Volkswagen Group brand Audi has said it's never used any cheating mechanism in its 3-liter diesel engines to thwart emission tests. It insisted accusations levied by US regulators were completely unfounded.
As one of Volkswagen's 12 brands, luxury carmaker Audi on Tuesday officially denied accusations by the US Environmental Protection Agency (EPA) it had used an illegal mechanism in 3-liter diesel engines with a view to falsify emission test results.
Audi spokesman Udo Rügheimer told the AFP news agency that the so-called auxiliary emission control devices (AECDs) under scrutiny by EPA regulators had never been used to rig emission output levels as claimed by the US agency.
Rügheimer added AECDs were engine control units reacting to different situations and adjusting engine performance accordingly. But, he insisted, the units were not able to detect whether cars where being tested in the lab.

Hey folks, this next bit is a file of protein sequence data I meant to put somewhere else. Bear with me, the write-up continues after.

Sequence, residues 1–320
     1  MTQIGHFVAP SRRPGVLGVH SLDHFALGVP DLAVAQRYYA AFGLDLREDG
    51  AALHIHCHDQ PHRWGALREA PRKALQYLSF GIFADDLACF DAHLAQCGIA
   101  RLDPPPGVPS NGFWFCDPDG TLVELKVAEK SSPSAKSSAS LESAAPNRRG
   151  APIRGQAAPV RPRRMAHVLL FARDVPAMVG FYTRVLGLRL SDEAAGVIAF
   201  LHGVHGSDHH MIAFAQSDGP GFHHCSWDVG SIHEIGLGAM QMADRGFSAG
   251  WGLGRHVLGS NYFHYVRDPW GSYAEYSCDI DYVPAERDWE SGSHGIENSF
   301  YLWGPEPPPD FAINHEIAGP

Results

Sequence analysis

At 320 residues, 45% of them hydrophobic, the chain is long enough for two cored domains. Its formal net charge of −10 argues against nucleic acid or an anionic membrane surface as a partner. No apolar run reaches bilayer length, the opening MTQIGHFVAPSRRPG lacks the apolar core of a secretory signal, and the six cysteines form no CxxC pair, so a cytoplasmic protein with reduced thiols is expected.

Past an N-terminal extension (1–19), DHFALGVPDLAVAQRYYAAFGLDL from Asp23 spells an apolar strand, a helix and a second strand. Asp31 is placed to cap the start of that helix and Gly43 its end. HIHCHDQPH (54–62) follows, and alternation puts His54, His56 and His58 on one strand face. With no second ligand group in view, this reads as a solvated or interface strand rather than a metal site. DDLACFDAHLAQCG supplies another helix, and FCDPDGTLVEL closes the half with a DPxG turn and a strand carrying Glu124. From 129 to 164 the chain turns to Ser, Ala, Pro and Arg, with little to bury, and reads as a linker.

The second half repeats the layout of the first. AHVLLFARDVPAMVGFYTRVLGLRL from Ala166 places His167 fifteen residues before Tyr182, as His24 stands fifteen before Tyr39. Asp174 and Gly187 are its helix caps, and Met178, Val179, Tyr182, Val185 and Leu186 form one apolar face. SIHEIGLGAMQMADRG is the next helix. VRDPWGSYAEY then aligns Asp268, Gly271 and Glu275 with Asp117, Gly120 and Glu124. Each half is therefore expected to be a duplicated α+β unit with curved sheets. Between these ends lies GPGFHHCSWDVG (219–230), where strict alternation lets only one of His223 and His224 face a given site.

Something rotten again?
The spokesman for Audi said he had no details yet on why EPA officials claimed Monday there were obvious irregularities in the AECD mechanism. He said the company was willing to communicate to EPA how exactly those units functioned, what they did and what they did not do.
In another twist in the VW Group's widening pollution scandal, EPA had on Monday accused Audi, Porsche and the VW core brand of also installing a cheating mechanism in bigger-engine, 3-liter diesels, affecting among others the VW Touareg, the Porsche Cayenne and the Audi A6 through A8. Porsche and VW had also rejected EPA's accusations.
VW preferential shares had dropped by 3.5 percent by noon trading on the Frankfurt Stock Exchange, with the stock under pressure for weeks now.
Earlier, the world's second largest carmaker by sales had already confessed to having installed cheating software in roughly 11 million smaller-engine diesel cars worldwide. The Wolfsburg-based company is bracing for huge litigation and compensation costs and has already announced a recall to be completed by the end of 2016.
hg/ng (dpa, AFP, Reuters)